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Easing early pregnancy symptoms: Part 1

Ask any mom, and she can tell you all about what her pregnancy was like. Some had an easy nine months, and some struggled as their bodies tackled the monumental task of forming the new life inside them.

Today we’re sharing “Part 1” of the expected changes and tips taken from the Bright Course classes that we offer to new moms. You may experience some of these common symptoms as you progress in your pregnancy.

Disclaimer: Because each pregnancy is different, be sure to contact your medical provider if you have any concerns. Your medical team is there to help you navigate the many changes your body will be going through.


Have you noticed that your breasts are tender and getting bigger? Perhaps this was one of the signs that made you suspect you were pregnant. By six to eight weeks of pregnancy, your breasts will be noticeably larger. But there are other changes going on in your breasts as they prepare for breastfeeding.

The fat layer of your breasts is thickening, and the number of milk glands is increasing. Your breasts will continue to grow in size and weight throughout the first trimester. Your breasts will feel firm and tender.

What May Help:

  1. Wearing a more supportive full coverage bra will help by lifting the breast and helping to relief pressure. Some women find wearing a larger size or even a sports bra can help. Wearing a bra while sleeping can also help you feel more comfortable at night.

  2. Cold compresses may help. Placing a light-weight towel over the chest and using an ice pack or even a bag of frozen peas can offer some relief.

  3. Others have found that a warm shower helps by easing the tension of the surrounding muscles.


One of the most common complaints from pregnant women is “morning sickness,” which is caused by changing hormones. Women feel nauseous and sometimes vomit the first thing in the morning when the stomach is empty. While “morning sickness” usually lasts for a short time during the day, some women feel nauseous for longer periods of time and sometimes later into pregnancy.

What May Help:

  1. Eat saltine crackers, pretzels, or dry toast before getting out of bed and wait 15 minutes before getting out of bed.

  2. Eat smaller but more frequent meals. Avoid spicy, greasy, and acidic foods. Eating bland foods is best.

If nausea or vomiting becomes severe, notify your doctor. Always check with your doctor before you take any medication or herbal remedies.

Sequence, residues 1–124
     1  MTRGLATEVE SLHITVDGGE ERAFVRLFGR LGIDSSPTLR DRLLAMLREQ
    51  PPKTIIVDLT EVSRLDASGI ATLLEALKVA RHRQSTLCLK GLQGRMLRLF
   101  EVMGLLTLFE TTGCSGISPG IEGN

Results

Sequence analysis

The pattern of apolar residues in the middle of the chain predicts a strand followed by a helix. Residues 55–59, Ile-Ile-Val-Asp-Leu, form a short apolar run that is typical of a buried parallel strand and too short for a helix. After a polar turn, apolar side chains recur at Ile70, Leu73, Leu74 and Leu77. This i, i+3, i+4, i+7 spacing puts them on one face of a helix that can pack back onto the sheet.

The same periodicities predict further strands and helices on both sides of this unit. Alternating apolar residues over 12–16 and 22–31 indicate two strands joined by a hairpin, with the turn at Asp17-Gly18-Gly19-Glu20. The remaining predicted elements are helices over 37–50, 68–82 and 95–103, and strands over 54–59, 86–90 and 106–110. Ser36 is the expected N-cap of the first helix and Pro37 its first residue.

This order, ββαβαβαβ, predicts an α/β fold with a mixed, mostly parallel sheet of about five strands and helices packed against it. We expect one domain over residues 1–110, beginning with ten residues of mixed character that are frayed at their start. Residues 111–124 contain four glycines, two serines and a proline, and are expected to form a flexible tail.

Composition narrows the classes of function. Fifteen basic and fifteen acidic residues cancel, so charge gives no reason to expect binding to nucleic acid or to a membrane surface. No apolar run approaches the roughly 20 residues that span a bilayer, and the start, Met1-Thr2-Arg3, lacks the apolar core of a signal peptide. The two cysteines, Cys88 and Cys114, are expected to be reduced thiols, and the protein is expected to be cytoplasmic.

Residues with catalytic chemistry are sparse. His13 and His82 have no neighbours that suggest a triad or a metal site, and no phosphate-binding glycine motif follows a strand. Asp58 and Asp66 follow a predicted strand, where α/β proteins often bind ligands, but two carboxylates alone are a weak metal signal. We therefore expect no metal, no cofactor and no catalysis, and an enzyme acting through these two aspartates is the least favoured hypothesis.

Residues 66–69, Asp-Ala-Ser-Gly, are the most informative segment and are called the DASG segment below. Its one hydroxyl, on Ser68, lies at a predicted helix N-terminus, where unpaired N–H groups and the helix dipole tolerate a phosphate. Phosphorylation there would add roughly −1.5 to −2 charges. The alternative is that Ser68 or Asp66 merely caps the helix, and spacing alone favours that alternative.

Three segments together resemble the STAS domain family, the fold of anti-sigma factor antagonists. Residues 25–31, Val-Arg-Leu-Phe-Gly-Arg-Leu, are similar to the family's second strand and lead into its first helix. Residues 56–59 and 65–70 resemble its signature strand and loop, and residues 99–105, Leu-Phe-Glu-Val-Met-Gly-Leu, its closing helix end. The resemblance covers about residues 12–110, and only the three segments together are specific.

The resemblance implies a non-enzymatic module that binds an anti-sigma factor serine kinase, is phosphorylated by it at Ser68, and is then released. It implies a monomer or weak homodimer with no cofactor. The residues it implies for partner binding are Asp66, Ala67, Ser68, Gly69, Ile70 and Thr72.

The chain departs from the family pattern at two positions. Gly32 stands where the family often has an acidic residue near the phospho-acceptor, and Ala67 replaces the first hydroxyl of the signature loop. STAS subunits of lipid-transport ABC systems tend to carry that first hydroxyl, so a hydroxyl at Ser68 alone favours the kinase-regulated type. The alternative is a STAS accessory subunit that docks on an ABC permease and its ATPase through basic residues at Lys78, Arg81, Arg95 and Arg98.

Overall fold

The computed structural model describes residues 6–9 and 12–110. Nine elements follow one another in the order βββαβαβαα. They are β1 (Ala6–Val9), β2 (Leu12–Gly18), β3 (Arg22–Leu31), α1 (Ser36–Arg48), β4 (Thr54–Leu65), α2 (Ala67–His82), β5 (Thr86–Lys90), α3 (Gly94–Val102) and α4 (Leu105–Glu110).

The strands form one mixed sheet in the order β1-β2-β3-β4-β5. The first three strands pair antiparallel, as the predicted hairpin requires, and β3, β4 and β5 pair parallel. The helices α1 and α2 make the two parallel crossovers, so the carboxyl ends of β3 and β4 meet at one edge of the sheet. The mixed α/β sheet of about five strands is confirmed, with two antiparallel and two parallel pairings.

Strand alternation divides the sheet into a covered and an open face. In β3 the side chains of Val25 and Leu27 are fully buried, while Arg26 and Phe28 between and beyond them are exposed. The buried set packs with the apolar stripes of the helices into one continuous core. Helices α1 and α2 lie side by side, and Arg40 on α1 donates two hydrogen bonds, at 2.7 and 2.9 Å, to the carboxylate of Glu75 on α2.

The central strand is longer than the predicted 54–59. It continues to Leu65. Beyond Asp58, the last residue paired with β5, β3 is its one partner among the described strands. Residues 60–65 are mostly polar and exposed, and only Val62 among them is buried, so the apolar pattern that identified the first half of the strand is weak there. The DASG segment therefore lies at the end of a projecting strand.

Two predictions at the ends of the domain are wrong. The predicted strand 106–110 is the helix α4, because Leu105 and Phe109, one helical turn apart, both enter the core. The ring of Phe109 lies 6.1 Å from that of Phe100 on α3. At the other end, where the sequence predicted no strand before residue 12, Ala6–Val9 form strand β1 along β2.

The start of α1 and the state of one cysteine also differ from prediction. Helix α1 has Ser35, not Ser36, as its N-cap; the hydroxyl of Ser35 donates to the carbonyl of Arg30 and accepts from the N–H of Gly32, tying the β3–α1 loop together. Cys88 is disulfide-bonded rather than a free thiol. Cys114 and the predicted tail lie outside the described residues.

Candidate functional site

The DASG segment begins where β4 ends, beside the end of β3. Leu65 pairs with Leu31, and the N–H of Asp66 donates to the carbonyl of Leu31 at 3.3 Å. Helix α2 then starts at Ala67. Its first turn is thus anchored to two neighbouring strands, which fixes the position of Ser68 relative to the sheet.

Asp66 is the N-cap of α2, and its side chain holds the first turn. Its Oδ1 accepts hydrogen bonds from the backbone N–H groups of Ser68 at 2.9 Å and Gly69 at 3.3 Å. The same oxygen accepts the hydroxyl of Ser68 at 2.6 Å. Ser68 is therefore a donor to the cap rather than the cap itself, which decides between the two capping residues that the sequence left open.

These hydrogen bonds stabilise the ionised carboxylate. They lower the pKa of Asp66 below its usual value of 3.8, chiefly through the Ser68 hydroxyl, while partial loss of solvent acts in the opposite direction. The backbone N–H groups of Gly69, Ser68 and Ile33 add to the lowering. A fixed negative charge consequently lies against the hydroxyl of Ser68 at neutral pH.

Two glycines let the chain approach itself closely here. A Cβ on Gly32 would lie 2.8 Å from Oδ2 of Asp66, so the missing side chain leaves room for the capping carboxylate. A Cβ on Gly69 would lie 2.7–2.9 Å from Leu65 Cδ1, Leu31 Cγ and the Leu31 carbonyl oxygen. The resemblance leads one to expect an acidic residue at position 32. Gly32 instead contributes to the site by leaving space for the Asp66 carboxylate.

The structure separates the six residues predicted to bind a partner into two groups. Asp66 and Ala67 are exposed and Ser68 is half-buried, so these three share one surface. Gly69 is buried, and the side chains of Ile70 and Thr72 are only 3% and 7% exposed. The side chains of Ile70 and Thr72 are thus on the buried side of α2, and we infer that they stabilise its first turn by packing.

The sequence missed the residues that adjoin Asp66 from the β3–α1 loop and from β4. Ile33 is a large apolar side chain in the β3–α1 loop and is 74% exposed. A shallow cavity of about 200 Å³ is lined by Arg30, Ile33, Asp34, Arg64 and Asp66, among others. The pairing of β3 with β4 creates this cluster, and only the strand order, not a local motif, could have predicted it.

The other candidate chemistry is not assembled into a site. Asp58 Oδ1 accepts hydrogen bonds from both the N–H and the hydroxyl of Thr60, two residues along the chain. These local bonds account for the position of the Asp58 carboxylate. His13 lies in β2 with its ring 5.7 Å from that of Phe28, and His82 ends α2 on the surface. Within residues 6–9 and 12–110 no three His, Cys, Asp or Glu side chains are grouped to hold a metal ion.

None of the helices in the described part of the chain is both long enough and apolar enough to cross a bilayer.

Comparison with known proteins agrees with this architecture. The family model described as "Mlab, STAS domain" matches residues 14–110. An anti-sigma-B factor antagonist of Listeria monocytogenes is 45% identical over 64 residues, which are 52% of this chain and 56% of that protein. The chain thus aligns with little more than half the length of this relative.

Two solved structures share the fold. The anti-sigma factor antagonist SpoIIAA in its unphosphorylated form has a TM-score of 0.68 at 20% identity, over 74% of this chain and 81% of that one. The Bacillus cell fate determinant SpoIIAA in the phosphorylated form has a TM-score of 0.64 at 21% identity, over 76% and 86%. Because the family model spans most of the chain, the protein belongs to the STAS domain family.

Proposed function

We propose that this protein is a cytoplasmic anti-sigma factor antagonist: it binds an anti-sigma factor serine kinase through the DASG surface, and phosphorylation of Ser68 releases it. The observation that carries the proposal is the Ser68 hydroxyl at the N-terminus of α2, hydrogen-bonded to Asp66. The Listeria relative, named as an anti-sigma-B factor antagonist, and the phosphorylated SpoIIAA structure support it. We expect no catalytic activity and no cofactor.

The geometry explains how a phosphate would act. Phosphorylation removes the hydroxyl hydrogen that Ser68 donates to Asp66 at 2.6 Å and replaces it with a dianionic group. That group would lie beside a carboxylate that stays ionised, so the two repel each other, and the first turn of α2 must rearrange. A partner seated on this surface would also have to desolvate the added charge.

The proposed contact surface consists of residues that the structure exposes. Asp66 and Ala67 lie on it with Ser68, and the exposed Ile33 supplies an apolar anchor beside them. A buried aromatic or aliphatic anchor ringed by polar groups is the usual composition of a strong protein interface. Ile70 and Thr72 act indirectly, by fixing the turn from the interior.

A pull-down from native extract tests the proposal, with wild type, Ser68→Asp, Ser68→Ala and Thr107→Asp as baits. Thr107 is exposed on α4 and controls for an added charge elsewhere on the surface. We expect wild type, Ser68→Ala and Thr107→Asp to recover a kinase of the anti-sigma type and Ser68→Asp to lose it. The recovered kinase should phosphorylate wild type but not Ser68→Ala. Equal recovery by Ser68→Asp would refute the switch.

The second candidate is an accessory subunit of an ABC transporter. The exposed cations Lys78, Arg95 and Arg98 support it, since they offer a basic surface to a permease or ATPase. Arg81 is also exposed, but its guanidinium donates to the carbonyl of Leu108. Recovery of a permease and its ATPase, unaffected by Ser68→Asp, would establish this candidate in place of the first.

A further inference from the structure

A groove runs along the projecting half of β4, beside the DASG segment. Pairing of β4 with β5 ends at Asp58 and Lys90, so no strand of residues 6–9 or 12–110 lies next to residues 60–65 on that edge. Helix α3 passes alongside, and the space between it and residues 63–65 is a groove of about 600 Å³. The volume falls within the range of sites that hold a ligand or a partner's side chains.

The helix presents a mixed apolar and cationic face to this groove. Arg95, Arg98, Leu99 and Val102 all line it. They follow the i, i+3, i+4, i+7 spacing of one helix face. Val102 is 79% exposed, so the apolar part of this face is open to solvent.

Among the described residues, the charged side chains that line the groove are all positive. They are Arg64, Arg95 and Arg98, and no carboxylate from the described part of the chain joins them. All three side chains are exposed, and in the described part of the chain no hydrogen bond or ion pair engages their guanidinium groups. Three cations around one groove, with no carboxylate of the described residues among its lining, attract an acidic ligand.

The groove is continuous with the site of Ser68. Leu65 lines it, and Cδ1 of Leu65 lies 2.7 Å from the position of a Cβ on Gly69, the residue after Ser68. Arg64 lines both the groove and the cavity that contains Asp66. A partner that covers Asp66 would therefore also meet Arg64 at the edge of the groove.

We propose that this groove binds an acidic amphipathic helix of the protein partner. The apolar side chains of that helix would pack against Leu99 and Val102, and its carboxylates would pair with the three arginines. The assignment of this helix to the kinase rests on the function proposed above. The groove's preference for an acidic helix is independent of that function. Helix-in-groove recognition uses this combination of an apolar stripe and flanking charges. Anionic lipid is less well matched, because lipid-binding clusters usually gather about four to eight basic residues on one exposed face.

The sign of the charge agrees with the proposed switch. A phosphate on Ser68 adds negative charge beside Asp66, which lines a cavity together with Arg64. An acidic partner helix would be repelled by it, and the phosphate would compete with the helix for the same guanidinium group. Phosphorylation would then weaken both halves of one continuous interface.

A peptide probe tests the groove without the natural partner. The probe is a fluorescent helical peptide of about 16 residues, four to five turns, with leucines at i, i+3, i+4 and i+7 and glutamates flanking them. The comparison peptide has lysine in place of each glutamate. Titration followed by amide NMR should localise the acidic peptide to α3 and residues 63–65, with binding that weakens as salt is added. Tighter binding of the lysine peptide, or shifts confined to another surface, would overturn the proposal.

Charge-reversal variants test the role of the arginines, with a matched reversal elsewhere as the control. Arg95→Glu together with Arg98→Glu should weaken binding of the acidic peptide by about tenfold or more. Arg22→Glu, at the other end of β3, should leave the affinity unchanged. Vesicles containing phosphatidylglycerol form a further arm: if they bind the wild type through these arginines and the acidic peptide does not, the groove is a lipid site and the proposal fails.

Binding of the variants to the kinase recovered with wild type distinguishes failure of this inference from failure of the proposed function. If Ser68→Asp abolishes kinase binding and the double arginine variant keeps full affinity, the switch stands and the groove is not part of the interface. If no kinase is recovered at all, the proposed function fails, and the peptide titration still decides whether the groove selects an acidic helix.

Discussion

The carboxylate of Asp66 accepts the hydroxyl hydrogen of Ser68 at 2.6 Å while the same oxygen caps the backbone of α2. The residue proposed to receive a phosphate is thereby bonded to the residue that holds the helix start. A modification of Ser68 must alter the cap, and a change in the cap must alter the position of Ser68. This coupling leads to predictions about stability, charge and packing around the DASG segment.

During the first three months, you may feel exhausted much of the time, no matter how much you sleep. This will pass, but while you are feeling this way, take a nap when possible. What May Help: Eating well, staying hydrated, and exercising can help you get through this time in your pregnancy.


At least half of all pregnant women have problems with constipation. One of the reasons for this may be the changes in hormones that slow the movement of food through the digestive tract. During the last part of the pregnancy, pressure on your rectum from your uterus may add to the problem. Pregnant women who are constipated often also have hemorrhoids which are swollen veins in the rectum.

What May Help:

  1. Drink plenty of fluids, at least eight glasses each day. Include fruit juices, such as prune juice.

  2. Eat high-fiber food, like raw fruits and vegetables and bran cereals.

  3. Exercise daily.


In the last trimester, you may find that you have leg cramps. The pains are most common between 18 and 24 weeks. As the uterus grows, the round ligaments are pulled and stretched. Stretching ligaments can cause a sharp pain in your abdomen, usually on the side, or a dull ache.

What May Help:

  1. Stretching your legs before going to bed can help relieve cramps. If you get a cramp, flex your toes toward your knee to stretch the muscle and relieve the cramp.

  2. When you feel a pain in your abdomen, bend toward the pain to relieve it.

Contact your medical provider if you are experiencing severe pain that does not go away, pain accompanied by contractions or bleeding, or pains in the shoulder or neck.


An active bladder is caused by pressure from the growing uterus on the bladder, which holds the urine. As your uterus grows and rises higher into your abdomen, the symptoms usually disappear. However, they will probably recur toward the end of your third trimester when the baby drops into the pelvis and again presses against the bladder. You may find that you leak urine when you sneeze or cough.

What May Help:

  1. Avoid beverages and foods that contain caffeine which can make you need to pee more often.

  2. Limiting the amount of liquids you consume just before going to bed will help to keep you from having to wake in the middle of the night to use the bathroom.

For more pregnancy symptoms and ways to ease them, see Part 2 next week.

At Life’s Choices we offer many resources to help you prepare for and manage the changes your body will be going through in the months ahead. Our Bright Course classes allow you to learn about pregnancy, parenting, and relationship issues.

These simple classes are available in our office or virtually and allow you to earn points to spend on baby items in our boutique. If you are interested in learning more, contact our office, and we will be happy to help you get started.


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